I like working with Firebase and I haven’t had much trouble getting it to work. There was a major update to the product so sometimes it is unclear what code works with the old version and what works for the new version. There can also by async issues because the page loads before the data has been received from Firebase which can be addressed by utilizing promises.
Currently you can log in on the login page with one of test logins (the test logins are listed on the homepage). When you log in, the alert box at the top displays that you have logged in. The user identification number (UID) is then cached to the $scope variable as $scope.currentUserId. The application checks the $scope.currentUserId and displays the matching content for that user on the dashboard page. It also uses the $scope.currentUserId to switch to the current Google Place ID and pass it to the Google places service that makes the API request and returns the latest reviews from that business to display on the dashboard.
I also added a logout function so the user is logged out when the “Log Out” button is clicked on the login page.
The survey page requires that the password match in order to submit the form. If the correct password is not entered, a red alert box displays that states the password is incorrect.
I’ve made it through 75% of the program and have just one quarter left.
This week was spent polishing up my application and sharing it with my classmates on the discussion page.
In the break between summer and fall quarter, I traveled down to San Francisco for the Github Universe conference. I received a free ticket from Operation Code and met up with the founder of the organization, David Molina.
The conference was a great learning experience and I met several developers and six other veterans learning to code from the Operation Code organization. On the second day David gave a talk on how conference attendees could help the organization by volunteering to mentor a veteran.
The final quarter of the program has started and the first lab was on Tuesday where we did brief introductions to meet our fellow students and new instructors.
One of the new students offered to create a logo for anyone that needed help and she designed an awesome logo for my Ranked Blogs application that I built during the Bloc coding bootcamp.
We are starting to work on our portfolios for the program by creating a personal statement and planning document.
The two final courses are Professional Practice and Web Development Capstone Project.
In the Professional Practice course we started working on a group project for a Poetry Magazine website. It is a simulated work environment project to practice collaborating with a team.
I already had an idea of what I wanted my portfolio to look like and found a Photoshop template on Themeforest to use as the design. I used Bootstrap for the CSS framework and the banner background image from Unsplash.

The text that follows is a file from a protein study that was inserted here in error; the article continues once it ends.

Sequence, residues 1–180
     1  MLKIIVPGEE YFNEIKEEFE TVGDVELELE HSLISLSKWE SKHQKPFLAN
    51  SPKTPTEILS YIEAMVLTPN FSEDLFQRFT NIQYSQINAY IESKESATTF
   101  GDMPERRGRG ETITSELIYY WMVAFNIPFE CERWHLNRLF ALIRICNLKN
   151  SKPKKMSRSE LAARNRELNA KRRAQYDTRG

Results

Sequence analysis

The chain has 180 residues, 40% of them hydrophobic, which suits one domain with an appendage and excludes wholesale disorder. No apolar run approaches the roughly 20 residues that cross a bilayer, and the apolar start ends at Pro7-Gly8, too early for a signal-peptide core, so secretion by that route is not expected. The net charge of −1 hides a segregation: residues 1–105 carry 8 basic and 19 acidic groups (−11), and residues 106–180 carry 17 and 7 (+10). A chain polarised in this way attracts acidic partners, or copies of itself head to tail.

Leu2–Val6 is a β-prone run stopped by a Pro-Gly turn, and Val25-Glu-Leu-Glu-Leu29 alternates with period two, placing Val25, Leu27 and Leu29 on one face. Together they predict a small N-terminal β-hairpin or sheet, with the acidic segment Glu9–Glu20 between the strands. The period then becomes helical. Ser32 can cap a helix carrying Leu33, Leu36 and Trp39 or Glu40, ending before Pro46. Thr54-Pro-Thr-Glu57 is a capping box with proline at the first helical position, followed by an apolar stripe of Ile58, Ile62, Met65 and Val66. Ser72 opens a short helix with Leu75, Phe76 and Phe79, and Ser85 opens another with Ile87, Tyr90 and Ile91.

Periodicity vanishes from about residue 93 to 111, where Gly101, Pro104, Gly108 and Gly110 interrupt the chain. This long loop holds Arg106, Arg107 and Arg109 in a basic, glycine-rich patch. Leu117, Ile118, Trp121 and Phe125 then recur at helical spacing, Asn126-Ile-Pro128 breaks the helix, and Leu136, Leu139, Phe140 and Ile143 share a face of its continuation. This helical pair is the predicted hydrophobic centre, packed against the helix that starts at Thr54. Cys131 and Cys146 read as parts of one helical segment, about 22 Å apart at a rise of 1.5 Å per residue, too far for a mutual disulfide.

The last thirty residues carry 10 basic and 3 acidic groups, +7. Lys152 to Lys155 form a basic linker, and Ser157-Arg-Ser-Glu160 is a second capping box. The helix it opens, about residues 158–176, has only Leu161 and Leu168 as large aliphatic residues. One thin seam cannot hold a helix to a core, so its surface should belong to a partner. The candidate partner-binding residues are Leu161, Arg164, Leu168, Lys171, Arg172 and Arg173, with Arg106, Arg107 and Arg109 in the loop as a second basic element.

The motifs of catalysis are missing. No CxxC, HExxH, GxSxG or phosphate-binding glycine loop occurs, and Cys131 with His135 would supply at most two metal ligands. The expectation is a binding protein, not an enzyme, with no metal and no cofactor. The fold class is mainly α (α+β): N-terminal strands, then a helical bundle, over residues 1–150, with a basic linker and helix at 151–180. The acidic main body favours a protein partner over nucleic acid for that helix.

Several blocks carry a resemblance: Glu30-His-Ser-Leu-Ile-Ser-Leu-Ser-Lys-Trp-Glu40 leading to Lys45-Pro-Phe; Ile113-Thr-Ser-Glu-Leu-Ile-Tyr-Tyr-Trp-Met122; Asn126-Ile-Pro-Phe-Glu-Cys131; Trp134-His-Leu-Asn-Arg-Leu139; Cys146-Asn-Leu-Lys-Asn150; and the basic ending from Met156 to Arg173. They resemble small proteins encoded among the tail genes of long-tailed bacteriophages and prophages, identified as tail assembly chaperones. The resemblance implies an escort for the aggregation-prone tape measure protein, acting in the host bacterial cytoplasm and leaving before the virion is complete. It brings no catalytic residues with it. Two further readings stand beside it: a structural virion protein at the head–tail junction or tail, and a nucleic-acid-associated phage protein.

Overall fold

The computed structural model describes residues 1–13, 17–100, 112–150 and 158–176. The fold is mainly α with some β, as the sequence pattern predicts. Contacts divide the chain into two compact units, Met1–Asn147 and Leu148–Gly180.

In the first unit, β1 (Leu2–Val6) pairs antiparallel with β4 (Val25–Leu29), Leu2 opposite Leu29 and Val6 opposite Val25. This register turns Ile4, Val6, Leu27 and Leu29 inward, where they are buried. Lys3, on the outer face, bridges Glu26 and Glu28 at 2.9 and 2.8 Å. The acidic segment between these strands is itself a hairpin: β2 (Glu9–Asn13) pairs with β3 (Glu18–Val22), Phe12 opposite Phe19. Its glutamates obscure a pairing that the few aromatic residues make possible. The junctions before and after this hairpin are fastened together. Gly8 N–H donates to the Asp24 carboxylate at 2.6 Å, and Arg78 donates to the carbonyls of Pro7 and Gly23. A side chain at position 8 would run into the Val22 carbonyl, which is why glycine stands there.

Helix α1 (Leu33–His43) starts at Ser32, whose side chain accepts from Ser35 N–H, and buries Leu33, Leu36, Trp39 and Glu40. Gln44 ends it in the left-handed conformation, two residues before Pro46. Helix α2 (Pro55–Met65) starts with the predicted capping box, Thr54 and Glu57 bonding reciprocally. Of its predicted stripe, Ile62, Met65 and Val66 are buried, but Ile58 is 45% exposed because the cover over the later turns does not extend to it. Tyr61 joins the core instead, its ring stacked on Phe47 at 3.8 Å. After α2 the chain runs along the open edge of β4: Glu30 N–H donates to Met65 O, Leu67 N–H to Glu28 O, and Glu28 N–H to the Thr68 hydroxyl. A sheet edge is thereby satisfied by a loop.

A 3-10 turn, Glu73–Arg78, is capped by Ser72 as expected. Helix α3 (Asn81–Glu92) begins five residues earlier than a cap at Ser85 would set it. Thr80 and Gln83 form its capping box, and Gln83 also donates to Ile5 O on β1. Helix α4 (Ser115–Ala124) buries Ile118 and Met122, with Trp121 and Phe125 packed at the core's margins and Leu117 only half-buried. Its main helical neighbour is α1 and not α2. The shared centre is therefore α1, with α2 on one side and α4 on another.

This week we learned about writing user stories for our imaginary group project to build a poetry magazine website.
We also worked on creating wireframes and planning documents for our professional portfolio.
This weekend I attend the T-Mobile IoT hackathon and it was a great experience. I was able to work alongside experienced developers all weekend and we were selected as a finalist. There was also a lot of free food. I highly recommend hackathons for students looking for employment because it gives you an opportunity to work with people who may want to recruit you to their company or team. I’ve heard of developers getting job offers from simply attending a hackathon.
Our project is called Nahm and it measures water input to an appliance like a shower or sink and tracks the water usage in the web application and iPhone app.
I put the finishing touches on my portfolio which is live at http://portfolio.charlessipe.com/ including adding some more projects to my home page.
I also worked on my hackathon project by adding some charts with Chart.js that update automatically when the Firebase database is updated with new water data.
In the professional practice course, I collaborated with my team to make time estimates of our user stories for our poetry magazine website. We entered our estimates into a Github repo wiki which is very easy to use.
My hackathon team ended up winning first place at the T-Mobile IoT Hackathon so it ended up being a really great experience. My team presented our project at the Seattle Interactive Conference on Tuesday and it was cool to see the Seattle University program director, Shawn attend the presentation to show his support.
This week I worked on putting together planning documents and wireframes for my final capstone project, Code Coach.
The goal is to create a directory of coaches, organized by category, who can help developers reach their goals through pair programming and mentorship.
Code Coach solves the problem of finding a good coach who can help a developer improve their skills by providing guidance, feedback, and motivation.
In the professional practice course, we worked on creating issues in Github for specific tasks to complete during our first sprint (using the Agile Scrum methodology).
This week I dug in and made progress on my Angular application Code Coach.
The tasks I accomplished this week were:
1. Setting up an Angular and Bootstrap scaffold with Yeoman.
2. Setting up routes using Yeoman.
3. Deploying to Github Pages with Grunt Build Control
4. Adding the Firebase database
5. Adding Firebase storage in order for users to upload a profile picture
6. Created category pages to display coaches in a specific category from the Firebase database using ng-repeat and Angular filters.
If you have any questions about the program, I would be happy to help. My email is csipe84 at gmail.com
1. The Post 9/11 GI Bill covers 60% of tuition for me and I receive 60% of the monthly housing allowance (MHA) which for SU is $1975 per month. The program is 10 credits per quarter or about 83% of full time, so my monthly housing allowance is about .83*.6($1975) or $983.55/per month. I should also receive a book stipend, which I estimate to be .83*.6($1000) per year ($41.50/per month). I am responsible for 40% of tuition that is about $533.33 per month. MHA + Book Stipend is about $1025.05 per month so I should be in the positive by $491.72 per month. However MHA is not paid when class is not in session so MHA is reduced in any month where there are days without class (e.g. spring break). It can be complicated to figure out how much your actual school costs will be when using the GI Bill, especially if you have less than the 100% benefit.